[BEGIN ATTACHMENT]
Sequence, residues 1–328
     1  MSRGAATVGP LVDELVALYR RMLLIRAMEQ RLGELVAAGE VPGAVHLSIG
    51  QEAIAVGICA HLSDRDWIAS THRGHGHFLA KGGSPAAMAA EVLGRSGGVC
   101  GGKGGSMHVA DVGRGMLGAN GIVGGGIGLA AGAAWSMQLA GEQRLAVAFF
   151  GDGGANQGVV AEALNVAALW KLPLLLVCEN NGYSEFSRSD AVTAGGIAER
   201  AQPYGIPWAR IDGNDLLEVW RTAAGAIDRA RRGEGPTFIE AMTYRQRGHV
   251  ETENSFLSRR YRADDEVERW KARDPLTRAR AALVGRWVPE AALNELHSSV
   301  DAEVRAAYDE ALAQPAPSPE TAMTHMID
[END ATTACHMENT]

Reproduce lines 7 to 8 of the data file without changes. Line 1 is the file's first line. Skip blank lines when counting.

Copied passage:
   251  ETENSFLSRR YRADDEVERW KARDPLTRAR AALVGRWVPE AALNELHSSV
   301  DAEVRAAYDE ALAQPAPSPE TAMTHMID